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People are returning so many Corgi puppies, rescuers can't take in more

East Coast Corgi Rescue says dozens of people who adopted puppies during the pandemic are now trying to take them back. But not every shelter is seeing the problem.

WASHINGTON — Some animal rescues say they are overwhelmed with people trying to get rid of the cute little puppies they adopted in the heat of the COVID crisis. It's far from everyone, but East Coast Corgi Rescue said it can't save any more dogs for now.

"For those of us in rescue, we always knew this was going to happen," Melissa Terzis said. 

The D.C. woman loves her rescue dogs so much, she's taken in three of them. Each with their own issues.

"Piper is the product of a backyard breeder," she said, smiling at the corgi sprawled out in her arms. "She can scoot around like a mermaid, but we mostly carry her everywhere."

Then there's Ziggy, a shaggy little guy who keeps nosing around. 

"I brought him home and he had a host of health problems," Terzis said. 

Annie is her daughters' favorite. 

"I wanted to get her safe and get her out of there," Terzis said referring to the breeder where she found her.

"I play with Annie the most," Mercina Terzis said. "I like that she's cute, playful and sweet."


But Terzis and her fellow volunteers at East Coast Corgi Rescue say they just can't take any more dogs in.

"Some of these stories are really sad," she said of the people who are trying to surrender their pandemic pups. "People have paid $2,500 for a puppy that's not bred well. It's aggressive, it's biting their kids. It's biting them."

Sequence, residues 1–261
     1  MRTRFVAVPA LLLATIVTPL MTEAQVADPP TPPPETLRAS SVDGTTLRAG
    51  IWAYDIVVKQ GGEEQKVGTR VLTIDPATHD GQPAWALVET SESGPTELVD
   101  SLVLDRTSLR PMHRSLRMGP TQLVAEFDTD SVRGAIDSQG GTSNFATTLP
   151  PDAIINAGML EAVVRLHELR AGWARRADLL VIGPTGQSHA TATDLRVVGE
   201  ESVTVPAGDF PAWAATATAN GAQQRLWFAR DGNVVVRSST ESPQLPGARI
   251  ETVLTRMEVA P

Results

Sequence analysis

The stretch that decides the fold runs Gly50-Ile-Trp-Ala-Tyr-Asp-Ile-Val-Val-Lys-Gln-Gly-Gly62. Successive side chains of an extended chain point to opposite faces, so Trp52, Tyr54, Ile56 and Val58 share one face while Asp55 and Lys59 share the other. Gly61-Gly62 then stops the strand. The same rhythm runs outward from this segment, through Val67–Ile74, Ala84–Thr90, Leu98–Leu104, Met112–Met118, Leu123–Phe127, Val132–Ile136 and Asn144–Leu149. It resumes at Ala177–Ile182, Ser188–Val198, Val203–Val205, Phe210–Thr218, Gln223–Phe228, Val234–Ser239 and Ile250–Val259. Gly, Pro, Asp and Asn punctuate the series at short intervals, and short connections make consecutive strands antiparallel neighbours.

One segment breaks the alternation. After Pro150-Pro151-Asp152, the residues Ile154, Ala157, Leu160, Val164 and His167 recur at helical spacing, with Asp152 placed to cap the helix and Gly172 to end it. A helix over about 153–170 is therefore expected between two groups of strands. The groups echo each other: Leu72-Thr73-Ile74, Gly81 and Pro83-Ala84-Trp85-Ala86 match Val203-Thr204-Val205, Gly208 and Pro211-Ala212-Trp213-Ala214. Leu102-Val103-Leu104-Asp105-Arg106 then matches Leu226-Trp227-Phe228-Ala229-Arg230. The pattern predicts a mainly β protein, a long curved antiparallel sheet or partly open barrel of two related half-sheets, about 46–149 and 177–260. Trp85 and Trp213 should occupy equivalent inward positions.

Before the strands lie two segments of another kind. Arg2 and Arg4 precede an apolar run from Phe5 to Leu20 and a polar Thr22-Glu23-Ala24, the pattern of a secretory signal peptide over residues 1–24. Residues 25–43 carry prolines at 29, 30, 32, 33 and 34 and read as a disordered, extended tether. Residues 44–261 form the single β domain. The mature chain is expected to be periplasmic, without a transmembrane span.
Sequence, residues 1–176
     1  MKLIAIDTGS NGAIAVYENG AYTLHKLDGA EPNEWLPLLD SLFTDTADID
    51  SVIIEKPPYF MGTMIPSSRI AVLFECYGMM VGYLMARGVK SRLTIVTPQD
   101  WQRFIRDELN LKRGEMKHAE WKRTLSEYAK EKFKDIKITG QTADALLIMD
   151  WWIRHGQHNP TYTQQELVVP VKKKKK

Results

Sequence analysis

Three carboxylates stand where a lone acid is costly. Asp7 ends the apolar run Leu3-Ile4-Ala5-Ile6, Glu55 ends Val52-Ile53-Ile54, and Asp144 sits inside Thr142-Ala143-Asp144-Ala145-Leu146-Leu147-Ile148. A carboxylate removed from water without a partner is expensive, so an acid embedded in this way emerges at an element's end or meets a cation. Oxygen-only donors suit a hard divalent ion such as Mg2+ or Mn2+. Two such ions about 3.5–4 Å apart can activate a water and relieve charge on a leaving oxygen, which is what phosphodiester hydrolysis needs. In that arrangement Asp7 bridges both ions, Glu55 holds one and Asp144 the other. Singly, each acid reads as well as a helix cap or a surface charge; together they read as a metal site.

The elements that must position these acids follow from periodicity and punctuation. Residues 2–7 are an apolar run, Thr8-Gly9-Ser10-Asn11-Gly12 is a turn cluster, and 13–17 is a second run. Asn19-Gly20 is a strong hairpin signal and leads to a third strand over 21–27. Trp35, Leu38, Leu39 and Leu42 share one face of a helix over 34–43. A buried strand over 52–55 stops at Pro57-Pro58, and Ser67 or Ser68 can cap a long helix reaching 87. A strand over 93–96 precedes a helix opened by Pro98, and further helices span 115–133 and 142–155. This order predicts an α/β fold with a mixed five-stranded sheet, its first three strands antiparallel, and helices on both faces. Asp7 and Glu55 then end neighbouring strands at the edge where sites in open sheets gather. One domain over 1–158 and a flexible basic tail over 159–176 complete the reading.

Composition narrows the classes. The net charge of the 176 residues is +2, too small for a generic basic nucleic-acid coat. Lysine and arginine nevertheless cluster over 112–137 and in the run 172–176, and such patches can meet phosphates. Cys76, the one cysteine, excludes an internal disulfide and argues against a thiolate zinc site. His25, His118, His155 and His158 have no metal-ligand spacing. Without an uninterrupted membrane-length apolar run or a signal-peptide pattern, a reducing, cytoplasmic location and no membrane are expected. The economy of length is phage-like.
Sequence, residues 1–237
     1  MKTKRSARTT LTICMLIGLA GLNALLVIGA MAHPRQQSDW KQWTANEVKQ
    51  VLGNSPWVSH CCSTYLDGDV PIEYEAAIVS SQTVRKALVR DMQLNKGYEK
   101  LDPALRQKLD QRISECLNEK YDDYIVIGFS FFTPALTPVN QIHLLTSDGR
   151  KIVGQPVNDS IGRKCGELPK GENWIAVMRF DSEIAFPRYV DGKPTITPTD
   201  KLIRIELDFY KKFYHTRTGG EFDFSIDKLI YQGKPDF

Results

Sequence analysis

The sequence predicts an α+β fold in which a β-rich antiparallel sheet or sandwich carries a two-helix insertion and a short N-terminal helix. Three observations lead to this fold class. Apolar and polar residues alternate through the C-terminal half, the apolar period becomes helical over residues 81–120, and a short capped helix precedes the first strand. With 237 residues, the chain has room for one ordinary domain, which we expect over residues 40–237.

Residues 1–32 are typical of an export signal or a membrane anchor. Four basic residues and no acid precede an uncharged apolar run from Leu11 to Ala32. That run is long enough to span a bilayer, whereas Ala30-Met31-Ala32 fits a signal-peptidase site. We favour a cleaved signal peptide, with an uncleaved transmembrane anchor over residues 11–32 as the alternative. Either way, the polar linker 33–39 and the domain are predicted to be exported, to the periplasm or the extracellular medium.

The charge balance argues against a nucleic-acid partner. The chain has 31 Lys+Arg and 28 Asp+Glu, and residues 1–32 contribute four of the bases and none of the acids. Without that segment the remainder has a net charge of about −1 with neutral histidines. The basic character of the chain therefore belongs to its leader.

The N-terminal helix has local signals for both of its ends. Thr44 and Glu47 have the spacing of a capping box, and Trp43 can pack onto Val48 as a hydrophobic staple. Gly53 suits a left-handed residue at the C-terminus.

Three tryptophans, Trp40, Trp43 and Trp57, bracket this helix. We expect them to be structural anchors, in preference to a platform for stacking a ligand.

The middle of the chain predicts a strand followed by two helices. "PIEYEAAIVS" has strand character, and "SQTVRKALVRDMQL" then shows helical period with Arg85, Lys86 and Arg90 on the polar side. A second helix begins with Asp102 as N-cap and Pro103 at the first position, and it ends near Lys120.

Where once East Coast Corgi Rescue got one or two surrender dogs a week, now they're getting one or two a day -- and many of them are just a few months old.

Terzis blames bad breeders and warns people to be very careful when buying a dog. There are recommendations on the group's website about how to pick a good breeder.

Terzis also said, no matter your age, or the age of your dog, it's a good idea to take an obedience class together. "It really helps the bonding and love between owner and pet," she said.

While East Coast Corgi Rescue is struggling, Humane Rescue Alliance, D.C.'s largest shelter, said it's not seeing it.

HRA has actually been seeing fewer people putting their dogs up for adoption in the last few years. In 2019, they recorded 252 in 2019 versus 193 in 2020 and 228 so far in 2021.

"It's not true, people are holding on to their pets," Jenneh Billeter of HRA said. 

They have seen a drop off in adoptions though, so if you're interested in a perfect mixed breed -- or a potentially challenging Corgi -- just reach out to these rescue organizations. 

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